5. Human Rights and Religious Freedoms are things we take pretty seriously, around here, especially with regard to protecting religions and ways of religioisity which any majority demographic would oppressively seek to erase from consideration or conversation.
  6. 19th Century White Guys — pretty straight forward, actually. If you don’t know the basic bullet-point history of the occult “renaissance” of the late 19th century, it involves a bunch of White dudes with enough money to afford lots of leisure activities(like world travel, mountaineering, recreational drugs, and so forth) and paid-in fraternal associations and so forth, who did a tremendous amount of scholarship and mystical undertakings, including developing what the popular understandings of Ceremonial Magic are in use today, drawing from the various expressions of Hermeticism and the Western Esoteric Tradition(s). These have, as you might have guessed, virtually nothing to do with Polytheist religion, despite many of the adherents applying codified use of deity names and associations (used more as occult symbols than real deific agents) to occult concepts generally focused on the development of human consciousness (rather than, you know, religion, or worship, or theology). That people still draw from this line of thought in association with Polytheism is problematic, not because there is anything wrong with this line of thought, but that this line of thought is called something other than Polytheistic religion. Which is why we have different words for things.
  7. The Goddess” was a revolutionary concept loosely based in historic goddess worship, and became the focus of various women’s spirituality movements in the 20th century. While there is a lot of important spiritual, mystical, and magical developments within these circles, there is precious little focus on religious devotion, and the observed inseparable popular view of “The Goddess” in the singular (and the telescopic collapsing of all female deities into this one identifier) which, again, just isn’t Polytheism. That it isn’t Polytheism doesn’t mean it isn’t spiritually important, magically useful, or of central social significance (specifically to the very important work done in the mystic sectors of Feminist theory and activism and social change) especially considering the rampant misogyny, rape, assault, and patterns of patriarchal abuse found in some sectors of occult, magical, and Neo-Pagan development.
  8. Personal biases are things we all have. Mine are contained in views that not everyone agrees to. I have them, I weigh in with them from time to time, but they’re not what is being discussed here. Knowing our own biases is important in order to aim for more intelligent and less emotionally reactive dialog, bitches.
  9. “Diagnostically speaking” should not be taken to mean a literal biological/immunological model being posed here, but rather, it is a fucking illustration. I tend to draw on those a lot. Because when you just come out and say a thing — as has been done on this shit hundreds of times — people are often too thick-headed to get it. Which is why illustrative language is experimented with. For science.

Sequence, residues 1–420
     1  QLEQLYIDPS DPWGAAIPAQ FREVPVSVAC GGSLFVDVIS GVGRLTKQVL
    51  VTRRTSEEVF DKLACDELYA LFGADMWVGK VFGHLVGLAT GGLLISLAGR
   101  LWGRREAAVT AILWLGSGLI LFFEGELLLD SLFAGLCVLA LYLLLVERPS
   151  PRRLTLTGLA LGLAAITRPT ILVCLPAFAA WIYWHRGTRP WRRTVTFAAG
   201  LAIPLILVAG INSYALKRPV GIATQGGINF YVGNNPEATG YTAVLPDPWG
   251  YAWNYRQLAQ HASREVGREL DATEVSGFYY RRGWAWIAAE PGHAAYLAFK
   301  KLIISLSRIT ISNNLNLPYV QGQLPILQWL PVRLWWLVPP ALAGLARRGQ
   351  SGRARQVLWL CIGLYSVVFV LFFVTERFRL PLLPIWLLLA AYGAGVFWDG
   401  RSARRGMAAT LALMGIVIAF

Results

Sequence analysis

10. Without dying” should be taken in this context to reference “the death of the dialog“, and moreover, the continued erasure of these religious ways of being, viewing, practicing, and experiencing; at this time I am not referencing literal (mortal) death of the sort which other at-risk communities (such as Black Americans, Trans* youth, and LGTBTQ demographics domestically and abroad) face every day. This is not a competition, and a focus by the Polytheist Movement to prevent the death of our religions and the loss of our religious freedoms and the spaces to have our necessary dialogs and developments should not be interpreted — as it occasionally has been — as a dismissal of other vital social and human issues, which many of us are also involved in separate from (or directly because of) our Polytheist identities and devotions, elsewhere.
  11. This was pointed out by Amorella Moon, following a sneak-peak of a draft of this article, wherein she drew attention to the fact that some people just don’t get that rebuilding needs to happen, or that that wall, that structure, exists for more than just smearing your shit on.

Squirrels Are Not Rocks

Posted: December 5, 2015 in Uncategorized

Lenses of Engagement in Theistic Discourse

Julian wrote, in the comments of a recent post of mine, that he has been:

… thinking about Polytheism (big P) as being about potential, as well as actuality. Simply allowing for the possible presence of multiple divinities is sufficient, in my rendering, to qualify as Polytheism. The total number of Gods is both unknown and immaterial, and fussing over how many are required/actual/known Gods there are is unhelpful. A system that acknowledges a single “known” deity while also allowing for the possibility of other “unknown” or even “false” Gods could be understood as Polytheistic since it acknowledges the possibility of other Divine presences. Polytheism then is, necessarily, ambiguous and tense, possessing multiple centers of /truth production/, real or imaginary.


I agree with a lot of what the author is saying here, and it is part of what I’ve been trying to communicate: Polytheism, when approached in a certain way, is about a radically inclusive and exponentially expansive set of virtually unrestricted potentialities; the only requisite in this is that it is defined in the correct fashion, which is merely “the affirmed and acknowledged religious regard for many gods”, and does not necessitate worshipping any specific number of them, or naming any specific combination(s) of them.